Monday in a Picture – Fish Foot Massage

Last week as I was riding around the island of Siquijor, I saw one of the suggested tourist sites. There was a massive tree that was more than 100 years old. At the base of the tree was a small pond. The pond was home to several fish of varying size. All of the fish were very eager to chomp on some dead human skin. Luckily for them, I had some to contribute. I had heard of such fish foot spas around Asia, and I had been intending on going. But intentions fall victim to the immediacy of life. Alas, here I was.

The initial rush of fish on my feet was part startling, part tickling, part strange. A few seconds in, followed by many more seconds out. After several cycles of this, I was comfortable enough to relax and enjoy the fish nibbling. Even the larger ones. The above video was recorded once I actually relaxed.

Be kind to yourself.
Onward.

Advertisements

Monday in a Picture – Halong Bay

A few years ago, I saw pictures of what I would learn is Halong Bay. One of the pictures was so magnificent that I decided to make it the background on my phone. I wanted to get there. To see this beauty in person. To be amazed and in awe. As my time in Vietnam was drawing to a close, I decided to prioritize going to Halong Bay over everything else. The Ha Giang Loop. Sapa. Ninh Binh. Hanoi.

While spending some time on the island of Cat Ba in Lan Ha Bay, I took a day boat trip through that bay to Halong Bay. It was just as beautiful in person as it was in the picture saved as my screensaver a while ago. Activities in the bay included swimming, snorkeling and kayaking. The tour guide also pointed out several of floating communities in the bays. The 1,969 limestone karsts protect the communities from typhoons, tsunamis, and the like. There are some communities that have a small tunnel entrance. One such entrance is only accessible during low tide. Many of the floating communities have fish farms. The above picture was taken just before kayaking around some of Halong Bay. If you look closely, you can see some of the passages we kayak through.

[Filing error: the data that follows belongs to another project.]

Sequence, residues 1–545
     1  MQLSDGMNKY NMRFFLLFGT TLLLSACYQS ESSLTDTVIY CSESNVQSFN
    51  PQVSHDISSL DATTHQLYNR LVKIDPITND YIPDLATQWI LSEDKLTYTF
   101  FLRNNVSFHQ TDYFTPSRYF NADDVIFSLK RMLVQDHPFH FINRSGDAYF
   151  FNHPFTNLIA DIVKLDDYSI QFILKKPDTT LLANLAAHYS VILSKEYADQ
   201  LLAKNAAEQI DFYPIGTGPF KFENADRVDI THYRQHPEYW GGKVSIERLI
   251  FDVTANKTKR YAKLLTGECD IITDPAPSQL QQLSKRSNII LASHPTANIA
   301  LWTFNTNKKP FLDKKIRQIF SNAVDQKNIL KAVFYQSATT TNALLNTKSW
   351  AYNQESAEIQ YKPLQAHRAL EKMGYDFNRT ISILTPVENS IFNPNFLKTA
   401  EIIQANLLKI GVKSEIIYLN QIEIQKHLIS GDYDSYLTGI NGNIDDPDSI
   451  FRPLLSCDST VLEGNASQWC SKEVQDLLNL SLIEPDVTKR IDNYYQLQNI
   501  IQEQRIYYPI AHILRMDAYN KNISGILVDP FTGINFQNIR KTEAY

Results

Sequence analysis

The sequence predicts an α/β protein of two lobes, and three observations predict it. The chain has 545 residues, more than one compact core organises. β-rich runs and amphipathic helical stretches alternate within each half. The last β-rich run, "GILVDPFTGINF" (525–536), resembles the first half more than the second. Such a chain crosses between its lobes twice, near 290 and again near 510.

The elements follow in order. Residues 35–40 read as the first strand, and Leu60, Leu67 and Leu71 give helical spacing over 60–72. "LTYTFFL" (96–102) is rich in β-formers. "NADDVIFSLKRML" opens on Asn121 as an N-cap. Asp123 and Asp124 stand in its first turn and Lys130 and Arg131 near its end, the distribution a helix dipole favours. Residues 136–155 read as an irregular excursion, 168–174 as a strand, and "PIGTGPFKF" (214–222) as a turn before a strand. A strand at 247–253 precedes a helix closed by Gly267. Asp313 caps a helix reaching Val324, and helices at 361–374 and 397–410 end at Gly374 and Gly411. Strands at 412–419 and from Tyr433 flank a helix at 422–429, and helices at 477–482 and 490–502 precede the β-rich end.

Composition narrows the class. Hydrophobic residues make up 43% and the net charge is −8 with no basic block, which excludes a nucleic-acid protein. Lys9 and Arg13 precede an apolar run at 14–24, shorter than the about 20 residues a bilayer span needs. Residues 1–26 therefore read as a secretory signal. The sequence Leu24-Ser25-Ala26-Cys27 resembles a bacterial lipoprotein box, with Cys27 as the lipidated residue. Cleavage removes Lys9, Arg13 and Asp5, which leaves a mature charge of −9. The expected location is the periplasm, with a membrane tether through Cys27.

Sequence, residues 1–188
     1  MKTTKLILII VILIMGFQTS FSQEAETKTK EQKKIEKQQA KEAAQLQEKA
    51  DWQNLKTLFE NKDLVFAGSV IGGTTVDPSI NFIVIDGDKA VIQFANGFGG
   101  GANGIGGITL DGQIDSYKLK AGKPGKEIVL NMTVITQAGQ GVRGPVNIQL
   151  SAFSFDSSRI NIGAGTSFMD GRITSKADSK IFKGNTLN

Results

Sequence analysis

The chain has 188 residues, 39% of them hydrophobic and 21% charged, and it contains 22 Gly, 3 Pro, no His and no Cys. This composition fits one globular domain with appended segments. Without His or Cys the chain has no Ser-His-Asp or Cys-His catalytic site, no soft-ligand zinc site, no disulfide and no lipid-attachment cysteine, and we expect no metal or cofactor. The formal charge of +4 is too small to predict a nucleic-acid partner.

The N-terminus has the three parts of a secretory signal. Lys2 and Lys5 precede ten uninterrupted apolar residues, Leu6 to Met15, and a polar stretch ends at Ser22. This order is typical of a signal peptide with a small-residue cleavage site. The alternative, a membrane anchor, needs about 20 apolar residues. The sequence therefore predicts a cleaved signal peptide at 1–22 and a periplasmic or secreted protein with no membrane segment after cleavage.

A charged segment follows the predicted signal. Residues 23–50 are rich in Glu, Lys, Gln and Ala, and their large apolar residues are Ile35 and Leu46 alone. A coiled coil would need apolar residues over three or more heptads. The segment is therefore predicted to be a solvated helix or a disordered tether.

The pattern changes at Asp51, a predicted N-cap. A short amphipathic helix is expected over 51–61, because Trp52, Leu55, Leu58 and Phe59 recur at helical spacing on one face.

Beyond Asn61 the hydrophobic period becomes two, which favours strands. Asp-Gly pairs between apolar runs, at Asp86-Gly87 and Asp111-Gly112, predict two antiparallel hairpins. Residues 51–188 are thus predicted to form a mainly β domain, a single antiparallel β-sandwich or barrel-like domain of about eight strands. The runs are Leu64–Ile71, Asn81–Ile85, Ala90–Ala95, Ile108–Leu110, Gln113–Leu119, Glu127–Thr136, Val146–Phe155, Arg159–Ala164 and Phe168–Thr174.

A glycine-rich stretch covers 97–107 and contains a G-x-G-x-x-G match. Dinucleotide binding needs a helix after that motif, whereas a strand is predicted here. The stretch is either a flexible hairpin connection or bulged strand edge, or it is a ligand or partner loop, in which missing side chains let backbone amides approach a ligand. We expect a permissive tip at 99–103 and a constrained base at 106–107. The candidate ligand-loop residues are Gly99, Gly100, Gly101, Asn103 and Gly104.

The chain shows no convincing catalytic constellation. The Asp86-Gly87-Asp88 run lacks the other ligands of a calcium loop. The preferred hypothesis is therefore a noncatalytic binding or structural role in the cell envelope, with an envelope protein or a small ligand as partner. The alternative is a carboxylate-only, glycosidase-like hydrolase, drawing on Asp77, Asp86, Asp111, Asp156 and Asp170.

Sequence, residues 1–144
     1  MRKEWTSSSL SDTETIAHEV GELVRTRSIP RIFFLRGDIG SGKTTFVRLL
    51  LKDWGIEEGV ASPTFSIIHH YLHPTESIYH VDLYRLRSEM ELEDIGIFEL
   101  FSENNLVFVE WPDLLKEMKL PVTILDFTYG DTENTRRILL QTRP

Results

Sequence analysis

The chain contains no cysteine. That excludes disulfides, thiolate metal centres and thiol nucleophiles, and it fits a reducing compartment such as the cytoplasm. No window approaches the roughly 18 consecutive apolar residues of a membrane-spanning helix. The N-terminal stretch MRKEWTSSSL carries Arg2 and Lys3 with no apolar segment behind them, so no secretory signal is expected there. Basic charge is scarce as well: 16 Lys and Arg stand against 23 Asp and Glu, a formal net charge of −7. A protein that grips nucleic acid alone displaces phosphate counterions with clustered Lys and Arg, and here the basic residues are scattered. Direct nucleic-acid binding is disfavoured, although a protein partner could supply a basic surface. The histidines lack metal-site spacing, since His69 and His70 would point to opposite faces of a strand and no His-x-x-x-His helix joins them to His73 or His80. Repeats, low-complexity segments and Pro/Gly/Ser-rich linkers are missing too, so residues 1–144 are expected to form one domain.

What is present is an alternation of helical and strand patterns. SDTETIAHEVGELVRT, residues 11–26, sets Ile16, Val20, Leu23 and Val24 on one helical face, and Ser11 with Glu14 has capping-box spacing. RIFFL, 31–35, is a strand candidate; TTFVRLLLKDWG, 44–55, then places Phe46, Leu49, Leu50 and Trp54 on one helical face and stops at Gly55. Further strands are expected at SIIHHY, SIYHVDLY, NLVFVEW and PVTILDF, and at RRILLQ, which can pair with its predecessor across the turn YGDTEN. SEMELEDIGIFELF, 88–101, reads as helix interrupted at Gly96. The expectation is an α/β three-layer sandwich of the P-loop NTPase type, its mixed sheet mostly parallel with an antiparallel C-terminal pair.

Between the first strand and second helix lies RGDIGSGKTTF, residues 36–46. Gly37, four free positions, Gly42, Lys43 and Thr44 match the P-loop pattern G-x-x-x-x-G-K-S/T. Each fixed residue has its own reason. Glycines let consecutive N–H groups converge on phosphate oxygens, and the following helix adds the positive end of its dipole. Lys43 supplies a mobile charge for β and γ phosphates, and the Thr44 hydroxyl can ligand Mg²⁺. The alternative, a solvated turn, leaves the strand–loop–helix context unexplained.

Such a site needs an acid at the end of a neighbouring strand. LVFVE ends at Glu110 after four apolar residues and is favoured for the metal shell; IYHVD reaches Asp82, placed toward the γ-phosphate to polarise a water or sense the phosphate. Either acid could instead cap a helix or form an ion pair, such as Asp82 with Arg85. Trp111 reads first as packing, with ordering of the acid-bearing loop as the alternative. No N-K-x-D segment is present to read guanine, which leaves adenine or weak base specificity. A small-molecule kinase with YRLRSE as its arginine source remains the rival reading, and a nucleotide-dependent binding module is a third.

Be kind to yourself.
Onward.

Monday in a Picture – Koh Rong Sanloem

I had never associated Cambodia with islands and beaches. In southeast Asia, I had heard phenomenal things about the island beaches in Thailand and the Philippines. I forget who made the suggestion, but someone offered that I could find a piece of island beach paradise in Cambodia on Koh Rong or Koh Rong Sanloem.